DUBAI: Flashy country pavilions, corporate-sponsored cocktail parties and a smorgasbord of side events have turned the annual UN climate summit into what some say is a trade show or circus.

In this year’s gleaming host city of Dubai, billboards advertise the benefits of wind energy, climate ambition and Exxon Mobil’s carbon capture projects. And with a record 84,000 registered attendees, this year’s Conference of the Parties, or COP28, is a far cry from the first in Berlin in 1995, a low-key affair with fewer than 4,000 delegates focused on multilateral climate change cooperation.

This is seen by some as a sign of success and by others as a dangerous distraction from the business of combating climate change as over nearly three decades global oil demand, carbon emissions and temperatures have marched steadily upward.

“It’s a lobby fest where polluters can schmooze with politicians, all under the guise of tackling climate change,” Pascoe Sabido, a researcher at the Corporate Europe Observatory, which scrutinises corporate influence on policy-making, said. The United Nations and COP backers say the planet would be much worse off without them.

For Alden Meyer, a senior associate at think tank E3G who has attended every COP, the carnival-like atmosphere is a positive sign of increasing global engagement in the climate crisis, even if it meant long queues for food and coffee. “It’s a three-ring circus, and it is a good thing. It means the issue has reached critical mass,” Meyer said.

Lisa Jacobson, president of the 65-member Business Council for Sustainable Energy, which represents the energy efficiency, natural gas and renewable energy industries, agrees.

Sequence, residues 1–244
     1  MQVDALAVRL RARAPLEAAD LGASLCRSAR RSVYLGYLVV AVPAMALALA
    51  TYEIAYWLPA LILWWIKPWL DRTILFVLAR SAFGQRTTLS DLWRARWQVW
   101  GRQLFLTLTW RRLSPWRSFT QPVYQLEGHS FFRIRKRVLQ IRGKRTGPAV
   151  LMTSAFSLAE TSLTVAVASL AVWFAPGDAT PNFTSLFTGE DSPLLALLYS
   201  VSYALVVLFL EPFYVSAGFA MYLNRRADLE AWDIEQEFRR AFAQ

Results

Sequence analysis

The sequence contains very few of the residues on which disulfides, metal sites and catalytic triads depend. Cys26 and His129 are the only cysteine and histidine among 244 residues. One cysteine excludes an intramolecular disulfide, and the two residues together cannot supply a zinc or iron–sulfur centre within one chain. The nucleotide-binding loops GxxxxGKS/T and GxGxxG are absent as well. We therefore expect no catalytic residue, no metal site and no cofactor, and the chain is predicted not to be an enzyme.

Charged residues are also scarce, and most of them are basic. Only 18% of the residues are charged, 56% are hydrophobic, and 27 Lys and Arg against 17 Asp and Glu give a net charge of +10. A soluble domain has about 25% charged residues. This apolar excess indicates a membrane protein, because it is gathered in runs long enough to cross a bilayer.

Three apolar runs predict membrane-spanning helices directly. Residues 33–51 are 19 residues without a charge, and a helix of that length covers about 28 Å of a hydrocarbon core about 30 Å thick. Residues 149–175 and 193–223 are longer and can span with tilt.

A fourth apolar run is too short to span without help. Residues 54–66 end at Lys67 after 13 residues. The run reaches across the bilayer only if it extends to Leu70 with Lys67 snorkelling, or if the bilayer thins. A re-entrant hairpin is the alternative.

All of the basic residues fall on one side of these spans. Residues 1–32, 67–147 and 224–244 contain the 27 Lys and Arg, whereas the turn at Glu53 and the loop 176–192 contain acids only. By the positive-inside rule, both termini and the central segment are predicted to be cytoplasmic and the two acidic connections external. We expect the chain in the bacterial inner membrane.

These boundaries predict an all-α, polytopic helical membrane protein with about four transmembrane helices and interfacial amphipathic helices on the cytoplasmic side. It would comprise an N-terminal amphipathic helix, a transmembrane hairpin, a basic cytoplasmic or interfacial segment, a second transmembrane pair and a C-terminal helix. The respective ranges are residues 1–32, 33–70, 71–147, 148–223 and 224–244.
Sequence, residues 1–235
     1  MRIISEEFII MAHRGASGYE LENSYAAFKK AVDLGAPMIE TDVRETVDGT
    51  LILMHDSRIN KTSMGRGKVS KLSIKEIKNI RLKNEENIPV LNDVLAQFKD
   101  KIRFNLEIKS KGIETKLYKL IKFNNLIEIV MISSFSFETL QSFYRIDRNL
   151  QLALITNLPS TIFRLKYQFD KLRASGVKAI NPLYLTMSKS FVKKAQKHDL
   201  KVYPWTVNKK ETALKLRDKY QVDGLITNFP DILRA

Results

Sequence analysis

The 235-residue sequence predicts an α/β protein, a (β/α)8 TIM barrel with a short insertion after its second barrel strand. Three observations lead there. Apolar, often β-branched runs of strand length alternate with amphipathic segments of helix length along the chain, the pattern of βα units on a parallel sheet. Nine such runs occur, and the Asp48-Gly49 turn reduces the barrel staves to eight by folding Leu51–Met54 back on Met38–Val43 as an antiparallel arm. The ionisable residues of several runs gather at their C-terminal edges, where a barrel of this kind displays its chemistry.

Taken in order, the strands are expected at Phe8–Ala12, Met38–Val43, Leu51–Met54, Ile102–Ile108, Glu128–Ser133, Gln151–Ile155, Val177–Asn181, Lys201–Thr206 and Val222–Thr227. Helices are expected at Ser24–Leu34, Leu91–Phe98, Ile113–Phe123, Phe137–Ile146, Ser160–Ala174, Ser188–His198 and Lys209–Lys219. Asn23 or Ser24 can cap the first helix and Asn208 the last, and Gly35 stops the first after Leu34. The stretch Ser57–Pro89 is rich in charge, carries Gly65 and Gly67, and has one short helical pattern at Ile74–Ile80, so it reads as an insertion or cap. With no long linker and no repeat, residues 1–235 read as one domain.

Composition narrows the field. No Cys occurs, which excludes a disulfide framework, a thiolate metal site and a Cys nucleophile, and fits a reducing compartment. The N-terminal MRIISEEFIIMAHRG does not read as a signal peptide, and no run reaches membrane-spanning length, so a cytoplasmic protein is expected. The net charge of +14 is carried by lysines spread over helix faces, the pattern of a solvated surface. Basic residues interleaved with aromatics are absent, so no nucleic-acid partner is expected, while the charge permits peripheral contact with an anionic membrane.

Jacobson recalls that in 2000 in The Hague, the turnout was so low that everyone fitted into one auditorium. Having more than 80,000 people attend is something she only dreamed of. “It’s all we wished for,” she said.

Pledges

Countries have adopted a strategy of announcing voluntary pledges and initiatives at the start of COPs. These are meant to set a positive tone as delegations grind through two weeks of tough negotiations.

In Dubai, this process went into overdrive, with a succession of non-binding agreements: from promises to triple global renewable energy and nuclear power capacity, to speeding the shift from coal and helping farmers improve soil quality.

Others proved more contentious, with oil and gas companies promising to decarbonise their operations rather than reducing production of the fossil fuels responsible for global warming.

In the first five days of COP28, dozens of voluntary partnerships were launched or expanded and at least 37 new financial pledges made, the Global Strategic Communi­cations Council, which is tracking the promises, said. “We’re always and increasingly — cautious about the proliferation of additional declarations and pledges promoted at the COP,” said Daniel Lund, special adviser on climate to the island nation of Fiji.

“Fiji has joined calls in the past that were meant to be long-standing initiatives, but were quickly forgotten.” Indonesia President Joko Widodo at a G77-China summit on the sidelines of COP28 said on Sunday that these pledges look good, but divert attention from what developed countries need to do now to combat climate change.

Published in Dawn, December 5th, 2023

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